LSE vs Oxbridge Watch

shady lane
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#101
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#101
Because governments, international organizations, and investment banks hire you at disproportionate rates
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Consie
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#102
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#102
exacly. justified or not, its what happens, so my point is valid.

i get a feeling these are like size doesnt matter arguments. A lot of intricate arguments get put forward about it being the love making, or the motion of the ocean when deep down, everyone knows size matters.
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shady lane
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#103
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(Original post by Consie)
exacly. justified or not, its what happens, so my point is valid.

i get a feeling these are like size doesnt matter arguments. A lot of intricate arguments get put forward about it being the love making, or the motion of the ocean when deep down, everyone knows size matters.
Well, you could argue that someone who has insecurity issues (perhaps similar to your size analogy) would be more likely to care about prestige, when employability is actually better coming out of LSE (according to the GUG).

Guys with small...umm...feet...tend to go for the Ferrari, if you get what I mean :p:
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Consie
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#104
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i just know if i get to oxford im going to get a tag people who dont go to oxford get, and im going to make a ****ing wad of cash when i graduate.

but then, i might get AAB and miss my offer :P
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tinypony
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#105
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#105
(Original post by Consie)
i just know if i get to oxford im going to get a tag people who dont go to oxford get, and im going to make a ****ing wad of cash when i graduate.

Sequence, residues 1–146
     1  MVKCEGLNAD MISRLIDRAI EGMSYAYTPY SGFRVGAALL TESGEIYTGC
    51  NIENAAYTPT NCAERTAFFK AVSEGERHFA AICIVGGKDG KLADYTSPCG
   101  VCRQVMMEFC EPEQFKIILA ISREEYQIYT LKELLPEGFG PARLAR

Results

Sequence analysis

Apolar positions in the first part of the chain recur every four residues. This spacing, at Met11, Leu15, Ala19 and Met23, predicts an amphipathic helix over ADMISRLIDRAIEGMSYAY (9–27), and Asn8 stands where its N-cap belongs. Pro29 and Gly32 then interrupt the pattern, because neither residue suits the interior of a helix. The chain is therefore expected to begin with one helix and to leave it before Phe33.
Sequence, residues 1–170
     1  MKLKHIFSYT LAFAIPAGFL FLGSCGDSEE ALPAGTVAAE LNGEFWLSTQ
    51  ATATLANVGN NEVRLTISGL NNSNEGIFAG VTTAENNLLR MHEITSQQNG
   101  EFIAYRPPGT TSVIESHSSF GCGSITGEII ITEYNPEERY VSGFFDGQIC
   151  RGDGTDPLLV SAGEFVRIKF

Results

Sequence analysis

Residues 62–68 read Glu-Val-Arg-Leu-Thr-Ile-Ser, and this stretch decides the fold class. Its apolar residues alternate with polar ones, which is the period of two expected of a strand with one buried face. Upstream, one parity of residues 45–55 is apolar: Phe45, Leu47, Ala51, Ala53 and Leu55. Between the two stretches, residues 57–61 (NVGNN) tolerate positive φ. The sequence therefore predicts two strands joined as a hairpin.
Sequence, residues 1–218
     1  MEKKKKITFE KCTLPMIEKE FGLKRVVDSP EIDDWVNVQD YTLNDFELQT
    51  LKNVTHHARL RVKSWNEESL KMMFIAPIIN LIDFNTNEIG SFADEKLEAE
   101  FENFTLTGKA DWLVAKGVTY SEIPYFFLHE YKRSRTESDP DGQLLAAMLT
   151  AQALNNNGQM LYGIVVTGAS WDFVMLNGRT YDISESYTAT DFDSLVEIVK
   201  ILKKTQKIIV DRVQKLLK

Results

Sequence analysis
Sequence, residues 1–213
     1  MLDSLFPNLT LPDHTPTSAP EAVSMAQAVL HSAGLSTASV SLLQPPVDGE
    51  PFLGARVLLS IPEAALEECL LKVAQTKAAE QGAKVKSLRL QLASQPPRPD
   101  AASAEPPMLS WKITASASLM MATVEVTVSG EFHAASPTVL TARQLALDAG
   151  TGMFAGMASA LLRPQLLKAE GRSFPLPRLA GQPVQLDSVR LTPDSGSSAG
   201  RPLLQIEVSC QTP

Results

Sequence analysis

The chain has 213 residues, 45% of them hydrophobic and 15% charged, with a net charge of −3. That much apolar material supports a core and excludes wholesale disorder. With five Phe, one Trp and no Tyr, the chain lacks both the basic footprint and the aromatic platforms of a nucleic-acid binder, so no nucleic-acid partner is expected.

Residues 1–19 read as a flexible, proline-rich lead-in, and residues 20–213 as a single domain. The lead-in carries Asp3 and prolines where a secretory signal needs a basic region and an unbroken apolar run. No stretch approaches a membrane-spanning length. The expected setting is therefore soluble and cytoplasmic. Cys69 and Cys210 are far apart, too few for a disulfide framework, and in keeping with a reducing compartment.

but then, i might get AAB and miss my offer :P
Uhm, I hope you were being sarcastic, as history is generally not associated with massive wealth.
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Consie
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#106
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Uhm, I hope you were being sarcastic, as history is generally not associated with massive wealth.
a massive proportion of Goldman's equity/M&A ontake did history this year. the subjects dont matter really, you just need to be clever.
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tenjon
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#107
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(Original post by shady lane)
If LSE were to offer one-to-one tutorials it would definitively kick Oxbridge's ass at nearly all subjects it offers.
Yes, but crucially, LSE doesn't offer one-to-one tutorials.

From what I've heard, LSE's undergraduate teaching leaves a fair amount to be desired.

(Original post by shady lane)
And a handful of US universities already kick Oxbridge's ass.
Well, I think Harvard and Stanford are the only two that I would rate as being, in general, stronger universities than Oxbridge. MIT only offers half the subjects, Princeton is very small (though very good), Yale's strength is towards the arts/creative arts. And given that 'Oxbridge' is always in the top 10 in global league tables, I don't think it's correct to say that it 'gets its ass kicked'. The difference is hardly massive.
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Niccolo
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#108
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(Original post by shady lane)
Well, you could argue that someone who has insecurity issues (perhaps similar to your size analogy) would be more likely to care about prestige, when employability is actually better coming out of LSE (according to the GUG).

Guys with small...umm...feet...tend to go for the Ferrari, if you get what I mean :p:
Hmm, it most definitely will not be better for undergrad; LSE is certainly not at the top end of the scale in that department. For postgrad, however, the place really comes into its own from what I know. I guess almost all its courses are employable as well, given the nature of the institution; highly analytical social sciences and humanities, rigorous interdisciplinary regional/area studies, and of course more vocational, specialised degrees like management/HR/Law.
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shady lane
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#109
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The statistics are on my side; LSE students have better graduate prospects and destinations in most subjects.

I'm not saying LSE is better than Oxbridge for undergrad; if you like tutorials, clearly it's not. But I don't think the difference is big, either in the difficulty of the courses or the quality of the students. Remember that entry standards in league tables don't consider foreign qualifications, which something 60% of LSE students enter with.